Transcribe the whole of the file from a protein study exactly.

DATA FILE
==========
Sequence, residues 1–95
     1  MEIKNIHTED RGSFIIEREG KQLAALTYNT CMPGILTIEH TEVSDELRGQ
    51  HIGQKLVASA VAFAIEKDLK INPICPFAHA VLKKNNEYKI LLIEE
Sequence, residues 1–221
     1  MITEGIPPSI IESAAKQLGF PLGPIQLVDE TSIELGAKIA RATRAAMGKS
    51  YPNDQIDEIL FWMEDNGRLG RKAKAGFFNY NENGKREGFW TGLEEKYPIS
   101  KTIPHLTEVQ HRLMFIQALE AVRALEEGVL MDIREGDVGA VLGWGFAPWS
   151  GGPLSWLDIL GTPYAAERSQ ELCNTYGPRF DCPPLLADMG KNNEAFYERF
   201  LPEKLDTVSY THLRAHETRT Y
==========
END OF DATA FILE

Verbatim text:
Sequence, residues 1–95
     1  MEIKNIHTED RGSFIIEREG KQLAALTYNT CMPGILTIEH TEVSDELRGQ
    51  HIGQKLVASA VAFAIEKDLK INPICPFAHA VLKKNNEYKI LLIEE
Sequence, residues 1–221
     1  MITEGIPPSI IESAAKQLGF PLGPIQLVDE TSIELGAKIA RATRAAMGKS
    51  YPNDQIDEIL FWMEDNGRLG RKAKAGFFNY NENGKREGFW TGLEEKYPIS
   101  KTIPHLTEVQ HRLMFIQALE AVRALEEGVL MDIREGDVGA VLGWGFAPWS
   151  GGPLSWLDIL GTPYAAERSQ ELCNTYGPRF DCPPLLADMG KNNEAFYERF
   201  LPEKLDTVSY THLRAHETRT Y